Splurge guns and pies at the ready. Forty years after Alan Parker’s Bugsy Malone hit the big screen it remains a popular choice among youth groups everywhere.
Youth Onstage really bring out the show’s humour in a production at The Old Rep in Birmingham. The story is based on the mob rivalries of 1920s Prohibition America as Fat Sam and Dandy Dan go head to head for supremacy. Cue a gangland war, a love story and a lot of splurging.
Gibsa Bah shines as the protagonist Bugsy with natural stage presence, while Eboni Green has poise and a lovely voice as the sassy object of his affections Blousey. Thomas Ashen steals the show as Fat Sam with an accent which never once drops and strong characterisation. Needless to say it’s not easy for youngsters to look and act old, but Ashen gets the physicality of his character spot on.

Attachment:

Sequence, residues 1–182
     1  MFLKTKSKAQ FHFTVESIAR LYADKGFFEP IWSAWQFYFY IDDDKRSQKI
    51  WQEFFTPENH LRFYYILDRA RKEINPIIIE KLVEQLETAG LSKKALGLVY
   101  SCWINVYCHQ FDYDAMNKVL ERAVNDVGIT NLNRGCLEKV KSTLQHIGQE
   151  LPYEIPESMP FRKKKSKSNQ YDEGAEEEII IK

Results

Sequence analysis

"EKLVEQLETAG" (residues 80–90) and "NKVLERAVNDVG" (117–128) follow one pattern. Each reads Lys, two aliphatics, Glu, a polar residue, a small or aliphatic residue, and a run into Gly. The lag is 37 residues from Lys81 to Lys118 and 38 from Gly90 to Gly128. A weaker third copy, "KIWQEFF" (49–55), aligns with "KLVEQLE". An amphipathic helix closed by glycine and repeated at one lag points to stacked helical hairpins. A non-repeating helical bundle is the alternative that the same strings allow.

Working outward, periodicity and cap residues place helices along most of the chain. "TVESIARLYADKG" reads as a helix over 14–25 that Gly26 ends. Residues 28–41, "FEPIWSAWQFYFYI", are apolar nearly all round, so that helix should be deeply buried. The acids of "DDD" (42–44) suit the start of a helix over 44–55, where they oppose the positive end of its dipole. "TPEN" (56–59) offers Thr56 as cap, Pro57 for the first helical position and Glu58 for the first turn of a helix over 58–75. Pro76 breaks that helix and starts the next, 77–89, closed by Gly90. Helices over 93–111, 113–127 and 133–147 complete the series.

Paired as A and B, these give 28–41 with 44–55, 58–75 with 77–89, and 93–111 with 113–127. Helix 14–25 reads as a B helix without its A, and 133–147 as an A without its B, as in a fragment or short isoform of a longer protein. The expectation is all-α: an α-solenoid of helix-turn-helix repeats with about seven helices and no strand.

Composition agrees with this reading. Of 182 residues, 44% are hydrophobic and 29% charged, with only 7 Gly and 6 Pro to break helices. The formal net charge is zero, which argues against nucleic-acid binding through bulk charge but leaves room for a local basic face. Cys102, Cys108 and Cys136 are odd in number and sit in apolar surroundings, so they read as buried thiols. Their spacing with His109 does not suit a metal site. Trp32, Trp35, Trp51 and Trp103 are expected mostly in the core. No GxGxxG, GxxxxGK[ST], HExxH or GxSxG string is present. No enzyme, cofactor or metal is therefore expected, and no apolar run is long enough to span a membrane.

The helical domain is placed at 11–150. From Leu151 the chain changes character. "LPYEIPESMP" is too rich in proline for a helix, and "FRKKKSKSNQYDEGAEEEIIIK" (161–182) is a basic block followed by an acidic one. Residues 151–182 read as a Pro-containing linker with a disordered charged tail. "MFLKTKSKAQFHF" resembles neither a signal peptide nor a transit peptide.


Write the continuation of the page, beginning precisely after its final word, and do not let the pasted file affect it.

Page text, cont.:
He is well supported by Georgia Sheward as his moll Tallulah. An 11-year-old Jake Ashen impresses as Fat Sam’s rival Dandy Dan, alongside his wife Louella who is portrayed nicely by Phoebe Mason. Meanwhile Nicholas Eynon-Colon impresses as Fizzy, particularly in a delightful rendition of Tomorrow.
The action moves along at a good pace and there’s strong support from Esme Read and Bethany Leonard as Lt. O’Dreary and Captain Smolsky; the hapless police team trying to keep up with the ever-increasing number of splurge gun victims. And Gracie Evenden lights up the stage in There’s No Business Like Show Business as the showy, pompous performer Lena Morelli.
Well done to director Deb Brook and her team for creating this fun-filled version of a classic.
Love Midlands Theatre
Sharing the latest theatre news and reviews around the Midlands.